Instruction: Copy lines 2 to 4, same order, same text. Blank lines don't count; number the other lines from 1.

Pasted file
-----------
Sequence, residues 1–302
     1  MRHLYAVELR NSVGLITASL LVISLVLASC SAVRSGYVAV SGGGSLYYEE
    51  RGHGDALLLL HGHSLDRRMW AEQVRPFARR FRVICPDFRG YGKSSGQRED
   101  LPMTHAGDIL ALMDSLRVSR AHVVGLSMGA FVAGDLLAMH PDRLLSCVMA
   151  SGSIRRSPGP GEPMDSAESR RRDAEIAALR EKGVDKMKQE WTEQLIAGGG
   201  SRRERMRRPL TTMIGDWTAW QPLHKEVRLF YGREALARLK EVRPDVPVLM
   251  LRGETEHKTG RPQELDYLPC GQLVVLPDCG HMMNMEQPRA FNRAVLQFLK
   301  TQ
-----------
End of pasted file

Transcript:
     1  MRHLYAVELR NSVGLITASL LVISLVLASC SAVRSGYVAV SGGGSLYYEE
    51  RGHGDALLLL HGHSLDRRMW AEQVRPFARR FRVICPDFRG YGKSSGQRED
   101  LPMTHAGDIL ALMDSLRVSR AHVVGLSMGA FVAGDLLAMH PDRLLSCVMA